Iceland, the Nordic island nation famous for Europe’s largest glacier and some of the world’s…
In honor of June 26, we would like to recommend the following historically “accurate” films: Son of the Morning Star, Little Big Man, Bury My Heart at Wounded Knee, and American Experience’s Emmy award winning documentary Last Stand at Little Big Horn
Between June 25 and 26, 1876, a combined force of Lakota and Northern Cheyenne led the United States 7th Cavalry into a battle near the Little Bighorn River in what was then the eastern edge of the Montana Territory. The engagement is known by several names: the Battle of Greasy Grass, the Battle of Little Big Horn, and Custer’s Last Stand. Perhaps the most famous action of the Indian Wars, it was a remarkable victory for Sitting Bull and his forces. They defeated a column of seven hundred men led by George Armstrong Custer; five of the Seventh’s companies were annihilated and Custer himself was killed in the engagement along with two of his brothers and a brother-in-law. Known as the battle that left no white survivors, Little Big Horn has inspired more than 1,000 works of art, including over 40 films. Here are four of the best…
Son of the Morning Star
Based on the 1984 best selling historical novel by Evan S, Connell, Son of the Morning Star won five Emmys when it first aired in 1991. Focusing on the life and times of General George Armstrong Custer, it takes up Custer’s life near the end of the American Civil War, follows him through his involvement in famous Indian wars, and culminates with the battle of Little Big Horne. I particularly like this version because it attempts to get beyond the stereotypes and introduce you to the real man; it provides an excellent introduction to the personalities involved and the events leading up to and following the battle.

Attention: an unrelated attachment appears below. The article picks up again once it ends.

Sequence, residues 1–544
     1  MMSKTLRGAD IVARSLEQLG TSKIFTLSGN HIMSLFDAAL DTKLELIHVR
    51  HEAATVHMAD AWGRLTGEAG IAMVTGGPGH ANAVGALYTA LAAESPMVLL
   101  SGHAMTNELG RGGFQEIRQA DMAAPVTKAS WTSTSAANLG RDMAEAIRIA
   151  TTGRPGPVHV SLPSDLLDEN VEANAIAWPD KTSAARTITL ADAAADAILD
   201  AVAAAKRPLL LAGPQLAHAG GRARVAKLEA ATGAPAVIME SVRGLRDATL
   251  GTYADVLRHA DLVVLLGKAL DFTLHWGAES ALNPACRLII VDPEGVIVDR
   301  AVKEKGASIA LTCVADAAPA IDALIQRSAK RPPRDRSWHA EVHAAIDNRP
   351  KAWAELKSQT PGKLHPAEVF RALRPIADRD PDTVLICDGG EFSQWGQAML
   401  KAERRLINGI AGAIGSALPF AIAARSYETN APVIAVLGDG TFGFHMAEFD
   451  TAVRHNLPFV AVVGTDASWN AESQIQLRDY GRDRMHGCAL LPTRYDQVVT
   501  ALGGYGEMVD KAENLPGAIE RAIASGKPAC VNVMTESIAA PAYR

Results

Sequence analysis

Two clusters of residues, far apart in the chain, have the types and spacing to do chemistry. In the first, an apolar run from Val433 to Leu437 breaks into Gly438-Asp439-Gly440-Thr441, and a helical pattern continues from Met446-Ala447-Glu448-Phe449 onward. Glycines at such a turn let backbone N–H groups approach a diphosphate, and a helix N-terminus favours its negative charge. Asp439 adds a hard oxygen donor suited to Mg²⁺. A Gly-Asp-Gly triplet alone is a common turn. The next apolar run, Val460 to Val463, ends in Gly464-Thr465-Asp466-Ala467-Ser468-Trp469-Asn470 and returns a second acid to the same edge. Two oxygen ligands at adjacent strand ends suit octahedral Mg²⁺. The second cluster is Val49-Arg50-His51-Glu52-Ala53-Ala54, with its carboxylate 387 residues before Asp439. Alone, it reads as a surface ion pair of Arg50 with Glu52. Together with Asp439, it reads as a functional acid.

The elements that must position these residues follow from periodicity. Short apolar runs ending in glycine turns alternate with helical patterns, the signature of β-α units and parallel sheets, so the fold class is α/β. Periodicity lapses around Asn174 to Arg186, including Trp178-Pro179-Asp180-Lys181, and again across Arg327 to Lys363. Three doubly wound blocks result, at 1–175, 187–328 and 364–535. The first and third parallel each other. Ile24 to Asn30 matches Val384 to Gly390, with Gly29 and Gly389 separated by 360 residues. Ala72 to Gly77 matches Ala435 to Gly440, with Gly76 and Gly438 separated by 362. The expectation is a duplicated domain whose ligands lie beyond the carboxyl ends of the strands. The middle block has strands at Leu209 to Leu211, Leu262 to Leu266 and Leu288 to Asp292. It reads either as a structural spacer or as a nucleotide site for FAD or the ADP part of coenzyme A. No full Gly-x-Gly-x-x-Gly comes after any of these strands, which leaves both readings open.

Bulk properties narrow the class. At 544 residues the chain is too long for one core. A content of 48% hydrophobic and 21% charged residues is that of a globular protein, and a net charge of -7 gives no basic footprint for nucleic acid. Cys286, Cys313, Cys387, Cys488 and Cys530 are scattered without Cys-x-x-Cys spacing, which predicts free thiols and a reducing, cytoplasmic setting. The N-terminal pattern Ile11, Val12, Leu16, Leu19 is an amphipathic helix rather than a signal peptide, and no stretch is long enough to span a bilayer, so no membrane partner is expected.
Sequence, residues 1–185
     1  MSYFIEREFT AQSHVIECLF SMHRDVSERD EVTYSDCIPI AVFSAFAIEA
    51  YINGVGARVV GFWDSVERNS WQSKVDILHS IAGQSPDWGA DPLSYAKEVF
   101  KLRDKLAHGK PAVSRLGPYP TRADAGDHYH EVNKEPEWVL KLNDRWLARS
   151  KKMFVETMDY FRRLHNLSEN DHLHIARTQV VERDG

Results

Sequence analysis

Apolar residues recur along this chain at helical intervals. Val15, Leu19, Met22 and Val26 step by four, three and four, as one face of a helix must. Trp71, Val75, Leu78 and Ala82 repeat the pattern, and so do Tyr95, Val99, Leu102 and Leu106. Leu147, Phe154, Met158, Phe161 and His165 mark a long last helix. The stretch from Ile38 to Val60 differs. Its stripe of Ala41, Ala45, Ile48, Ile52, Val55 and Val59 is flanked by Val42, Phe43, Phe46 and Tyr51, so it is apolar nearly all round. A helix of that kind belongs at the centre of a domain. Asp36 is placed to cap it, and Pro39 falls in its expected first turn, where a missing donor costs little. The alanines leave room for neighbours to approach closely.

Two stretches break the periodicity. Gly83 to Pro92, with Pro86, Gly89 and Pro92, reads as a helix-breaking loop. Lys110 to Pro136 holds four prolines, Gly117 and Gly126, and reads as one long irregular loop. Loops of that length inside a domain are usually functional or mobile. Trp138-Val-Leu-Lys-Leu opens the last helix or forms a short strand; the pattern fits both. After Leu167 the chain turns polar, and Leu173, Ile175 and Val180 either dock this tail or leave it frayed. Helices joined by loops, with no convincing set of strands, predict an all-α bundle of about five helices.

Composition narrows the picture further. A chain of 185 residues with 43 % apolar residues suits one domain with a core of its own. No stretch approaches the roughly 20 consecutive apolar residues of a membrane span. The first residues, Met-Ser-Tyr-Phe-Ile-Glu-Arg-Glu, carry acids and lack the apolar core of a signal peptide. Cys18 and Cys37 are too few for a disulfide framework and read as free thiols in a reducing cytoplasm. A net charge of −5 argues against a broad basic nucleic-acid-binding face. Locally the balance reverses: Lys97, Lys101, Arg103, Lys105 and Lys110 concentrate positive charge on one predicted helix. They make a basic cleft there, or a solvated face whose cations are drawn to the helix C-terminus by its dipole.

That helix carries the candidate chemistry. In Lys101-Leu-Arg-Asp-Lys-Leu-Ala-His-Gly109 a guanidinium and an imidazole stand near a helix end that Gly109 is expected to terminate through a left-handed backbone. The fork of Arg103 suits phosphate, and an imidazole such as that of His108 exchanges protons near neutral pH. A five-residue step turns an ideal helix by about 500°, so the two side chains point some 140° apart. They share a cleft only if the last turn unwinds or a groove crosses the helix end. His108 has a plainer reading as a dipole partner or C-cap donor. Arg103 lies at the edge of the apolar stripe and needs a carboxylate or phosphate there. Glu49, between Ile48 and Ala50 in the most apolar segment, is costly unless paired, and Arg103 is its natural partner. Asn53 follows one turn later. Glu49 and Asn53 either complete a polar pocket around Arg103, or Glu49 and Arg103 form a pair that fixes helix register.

Little Big Man,
The 1970 film Little Big Man, directed by Arthur Penn and starring Dustin Hoffman, was based on Thomas Berger’s 1964 fictionalized “historical” novel by the same name. Admittedly adjusted history, it tells the satirical, fictional and picaresque story of Jack Crabb; a white boy orphaned in a Pawnee raid and adopted by a Cheyenne warrior, he eventually becomes the only white survivor of the Battle of Little Big Horn. It is considered a “Revisionist Western” because Native Americans receive a sympathetic treatment that was uncommon for Western films in previous decades. Revisionist or not, I simply adore this wickedly humorous film about one man’s life revolving through the kaleidoscope of cultures that made up the American “Wild” West, and I recommend it with all my heart.
Bury My heart at Wounded Knee,
HBO’s 2007 adaptation of Bury My heart at Wounded Knee, a 1970 classic of Native American history by Dee Alexander Brown, recounts the struggle of the Indian Wars from the perspectives of three people: Charles Eastman, a young Sioux doctor who received his medical degree from Boston University in 1889; Sitting Bull, who led the combined forces at Little Big Horn and refused to submit to U.S. government policies that stripped his people of their dignity, identity, and sacred land; and Senator Henry Dawes, one of the men responsible for the government’s Indian affairs policy. The story line begins with the American Indian victory at Little Big Horn in 1876 and continues though to the shameful slaughter of Sioux warriors at Wounded Knee, South Dakota, on December 29, 1890. If the film has any fault, it’s that it attempts to explain the whole deeply complex fourteen-year struggle in just over two hours. It manages to do an excellent job at providing an educational and entertaining overview for future investigation.
The American Experience: Last Stand at Little Big Horn
The American Experience: Last Stand at Little Big Horn takes the time to explore this controversial battle from two perspectives: The Lakota Sioux, Cheyenne, and Crow who had lived on the Great Plains for generations, and the white settlers who were moving west across the continent. Using journals, oral accounts, Indian ledger drawings and archival footage, James Welch and Paul Stekler combined their talents to create one of the most balanced documentaries about this event ever produced. Their efforts won them a much-deserved Emmy.